THIS WEEK: The team tackles the explosive launch of Gang War, with three main reviews about Amazing Spider-Man: Gang War First Strike #1, Luke Cage: Gang War #1, and Spider-Woman #1! These reviews feature MILD SPOILERS, so jump on down to the Rapid Rundown for a quick lil blurb about X-Men Blue: Origins #1!

What did you think of this week’s latest Marvel Comics issues, True Believers? The Beat wants to hear from you! Give us a shout-out, here in the comment section or over on social media @comicsbeat, and let us know what you’re thinking.

Amazing Spider-Man: Gang War #1

Amazing Spider-Man: Gang War First Strike #1

Writers: Zeb Wells with Cody Ziglar
Artists: Joey Vazquez with Julian Shaw
Color Artist: Bryan Valenza
Letterer: VC’s Joe Caramagna
Cover Artists: John Romita Jr., Scott Hanna & Marcio Menyz
Reviewed by George Carmona 3rd

For the next four months, Marvel’s New York City will be a warzone as the various gang lords fight for territory to run their organizations in NYC, so It makes sense that the starting point for this event begins with the face of Marvel’s NYC, the Amazing Spider-Man. With superheroes banned and crime boss Tombstone taken off the board, the NY super-criminals look to take advantage of the chaos and expand their spheres of influence. The concept of superheroes being outlawed felt a bit like a rehash of the Registration Act from Civil War, but writers Zeb Wells and Cody Ziglar use this as the spark for the Gang War, expanding on the concept of why New York needs heroes. Artists Joey Vazquez and Julian Shaw along with color artist Bryan Valenza do a fantastic job with the storytelling, creating quirky, dynamic anatomy with the fight scenes, fitting for a Spider-Man title. First Strike is a solid setup book, mapping out the landscape of players and rules to this new status quo, and to get the entire story, readers will have to pick up 26 issues and I’m not sure how much blood can be pulled from this particular stone, but this first issue gives me faith in a satisfactory conclusion.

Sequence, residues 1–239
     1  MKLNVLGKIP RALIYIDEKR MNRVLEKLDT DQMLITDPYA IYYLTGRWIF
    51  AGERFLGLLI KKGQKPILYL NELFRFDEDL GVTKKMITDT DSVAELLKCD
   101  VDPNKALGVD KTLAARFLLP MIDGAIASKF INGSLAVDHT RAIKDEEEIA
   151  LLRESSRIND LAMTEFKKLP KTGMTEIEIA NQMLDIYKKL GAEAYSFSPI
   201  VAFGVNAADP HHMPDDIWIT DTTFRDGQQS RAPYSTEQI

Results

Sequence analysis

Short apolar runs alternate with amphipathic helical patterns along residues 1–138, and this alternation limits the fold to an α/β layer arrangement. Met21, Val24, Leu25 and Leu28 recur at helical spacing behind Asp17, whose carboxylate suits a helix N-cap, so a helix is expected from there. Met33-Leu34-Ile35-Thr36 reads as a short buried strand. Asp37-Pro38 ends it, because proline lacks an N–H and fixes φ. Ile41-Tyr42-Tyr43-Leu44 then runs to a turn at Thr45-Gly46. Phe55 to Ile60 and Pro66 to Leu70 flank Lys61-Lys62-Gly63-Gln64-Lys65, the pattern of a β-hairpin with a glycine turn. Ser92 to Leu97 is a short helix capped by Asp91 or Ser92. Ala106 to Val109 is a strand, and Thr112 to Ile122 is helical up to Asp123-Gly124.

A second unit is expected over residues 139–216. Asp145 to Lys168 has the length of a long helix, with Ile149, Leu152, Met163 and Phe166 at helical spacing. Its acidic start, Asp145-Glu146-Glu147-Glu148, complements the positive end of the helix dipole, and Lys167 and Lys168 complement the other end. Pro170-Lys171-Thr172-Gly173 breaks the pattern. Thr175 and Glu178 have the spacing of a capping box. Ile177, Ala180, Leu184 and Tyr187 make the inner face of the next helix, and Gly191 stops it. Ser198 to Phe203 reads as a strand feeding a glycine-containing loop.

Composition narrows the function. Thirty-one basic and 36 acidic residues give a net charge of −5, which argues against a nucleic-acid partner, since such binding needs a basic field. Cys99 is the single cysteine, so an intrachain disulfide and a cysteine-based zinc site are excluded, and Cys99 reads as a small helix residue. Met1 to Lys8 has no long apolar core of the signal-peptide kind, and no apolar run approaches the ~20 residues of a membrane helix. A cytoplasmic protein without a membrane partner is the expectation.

Luke Cage: Gang War #1

Luke Cage: Gang War #1

Writer: Rodney Barnes
Artist: Ramón F. Bachs
Colorist: Andrew Dalhouse
Letters: VC’s Travis Lanham
Cover: Caanan White
Reviewed by Tim Rooney